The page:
Life remains tough as society continues to not accept those living with HIV
Kai, 20, and 18-year-old Rew (not their real names) each have their own dream. Kai wants to be a soldier and actor, while Rew wants to be a photographer and a dancer.
But unlike other young men, it is difficult for them to realise their dreams, as they have been living with HIV and facing stigmatisation and discrimination since they were born.
“Aids carries a stigma. I always cry when I hear somebody shout that I am a person with HIV and [warning people to] stay away from me. [Earlier] I couldn’t do anything. When I was a schoolboy, I punched my friend’s face, as he scorned me as ‘the HIV guy’,” Kai said.
According to a recent report by the Joint United Nations Programme on HIV and AIDS (UNAIDS), about 450,000 people are living with HIV in Thailand. About 27 per cent avoid going to clinics when they need treatment because of their HIV status.
Kai got the virus from his mother. He doesn’t remember his parents’ faces, as they died shortly after he was born. Fortunately, a man whom he calls “uncle” has taken care of him, even though this man is not a relative. Kai lived in a temple until he was 15 years old. His life first started to get tough when he was 6, when he learned that he was infected with HIV.
“At that time, I was very sick. My uncle took me to the hospital. After the diagnosis, the doctor said I had been infected with HIV,” he said.
“Of course, HIV for a young boy means nothing, but life got harder when I started to grow up. I was an outcast to my friends and my community. Nobody played with me or visited me once they knew that I had HIV. I was very disheartened and lonely,” he added.
Feeling abandoned by his community, he stopped taking antiretroviral drugs and his health condition worsened. He started taking the medicine again after he was given support by HIV-positive friends.
“I was happy when I went to see the doctor at the clinic and met friends who accepted me and understood me for who I am. We encouraged each other to stay alive. So I decided to start taking medicine again and now I am a healthy person,” he said.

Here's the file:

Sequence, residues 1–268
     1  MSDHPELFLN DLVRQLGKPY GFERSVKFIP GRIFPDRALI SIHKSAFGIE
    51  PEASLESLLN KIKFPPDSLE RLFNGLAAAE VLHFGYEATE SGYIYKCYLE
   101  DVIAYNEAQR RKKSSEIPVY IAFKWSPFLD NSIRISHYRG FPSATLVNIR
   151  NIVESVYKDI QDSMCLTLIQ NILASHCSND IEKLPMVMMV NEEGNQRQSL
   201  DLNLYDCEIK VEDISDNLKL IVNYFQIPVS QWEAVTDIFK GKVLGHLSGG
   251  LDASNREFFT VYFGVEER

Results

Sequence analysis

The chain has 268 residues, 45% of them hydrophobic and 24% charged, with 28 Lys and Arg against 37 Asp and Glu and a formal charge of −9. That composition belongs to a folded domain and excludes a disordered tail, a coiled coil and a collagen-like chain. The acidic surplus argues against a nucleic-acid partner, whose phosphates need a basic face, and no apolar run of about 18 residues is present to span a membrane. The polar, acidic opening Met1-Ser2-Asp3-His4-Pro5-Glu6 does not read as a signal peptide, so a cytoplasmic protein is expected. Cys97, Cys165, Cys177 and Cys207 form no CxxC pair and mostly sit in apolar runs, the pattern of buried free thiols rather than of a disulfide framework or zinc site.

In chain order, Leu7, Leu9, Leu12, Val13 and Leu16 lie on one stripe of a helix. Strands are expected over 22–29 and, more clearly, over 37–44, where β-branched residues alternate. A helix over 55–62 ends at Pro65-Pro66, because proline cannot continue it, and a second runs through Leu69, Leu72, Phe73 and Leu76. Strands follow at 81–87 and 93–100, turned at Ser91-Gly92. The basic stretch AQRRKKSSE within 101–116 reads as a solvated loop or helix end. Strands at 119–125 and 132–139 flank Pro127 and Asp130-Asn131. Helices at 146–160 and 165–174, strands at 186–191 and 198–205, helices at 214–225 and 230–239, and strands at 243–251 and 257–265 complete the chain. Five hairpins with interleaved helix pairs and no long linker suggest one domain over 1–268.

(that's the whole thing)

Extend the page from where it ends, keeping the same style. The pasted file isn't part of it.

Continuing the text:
His life is not always easy though. He later faced discrimination in the workplace and was ridiculed by co-workers, so he quit his job. He is currently a freelancer, chasing his dream of being an actor.
Unlike Kai, Rew, who has been living with HIV since he was 12 years old, has never hesitated to tell others of his HIV status, and accepts the consequences of his disclosure.
“You have to learn not to be ashamed to tell others, and to accept the consequences. Sometimes it will be difficult for you, but you can explain to others that HIV is not so easy to transmit,” he said. “When I first told others that I have HIV, nobody believed me. Maybe [it’s because] they see me as a healthy person,” he said. He also told his girlfriend about it, and fortunately she accepted it and educated herself about HIV.
Like Kai, Rew also has a dream. He wants to be a dancer and photographer. “I want to be a photographer because I want to see the world from different angles,” he said.
Nimitr Tian-udom, director of the Aids Access Foundation, said stigmatisation and discrimination are still major problems for people living with HIV when it comes to living and working in society, and accessing basic public services. Because of the stigma and discrimination, many people are afraid to get blood tests, so they don’t know their HIV status, contributing to the spread of the virus.
Recently, the foundation reported that some medical units declined to provide hemodialysis treatment to people living with HIV.
Some state agencies and companies still require an HIV blood test from job applicants, and some employers still force employees who have been living with HIV to quit or change positions. The problem is not confined to the workplace – some schools and educational institutes still do these things.
“We have to talk with employers and explain to them about HIV infection. Once they learn that HIV is not easy to transmit, they tend to change their policies and treat employees who are living with HIV the same way they treat others,” he said.
Prakornpan Channettri, 51, who heads the Buddha Raksa Club in Bangkok’s Bang Khen district, said that when she first openly admitted to having HIV, it scared others, and her two children were discriminated against.
However she managed to prove that people living with HIV could live with others in society because HIV is not easily transmitted.
After learning that she got the virus from her late husband in 1997, she joined the Population and Community Development Association’s Patongko project.
The project, funded by Pfizer Thailand, ran from 2004-2009.
It allowed a total of 600 pairs of people – each comprising one person living with HIV and one HIV-negative business partner – to co-sign for loans for vocational investments. Although it has since expired, many communities still have enough of a fund flow to continue operating.
Prakornpan said her community still had enough money to allow some 30 members to borrow for business investment. Some of the money has been set aside to aid members when they are sick.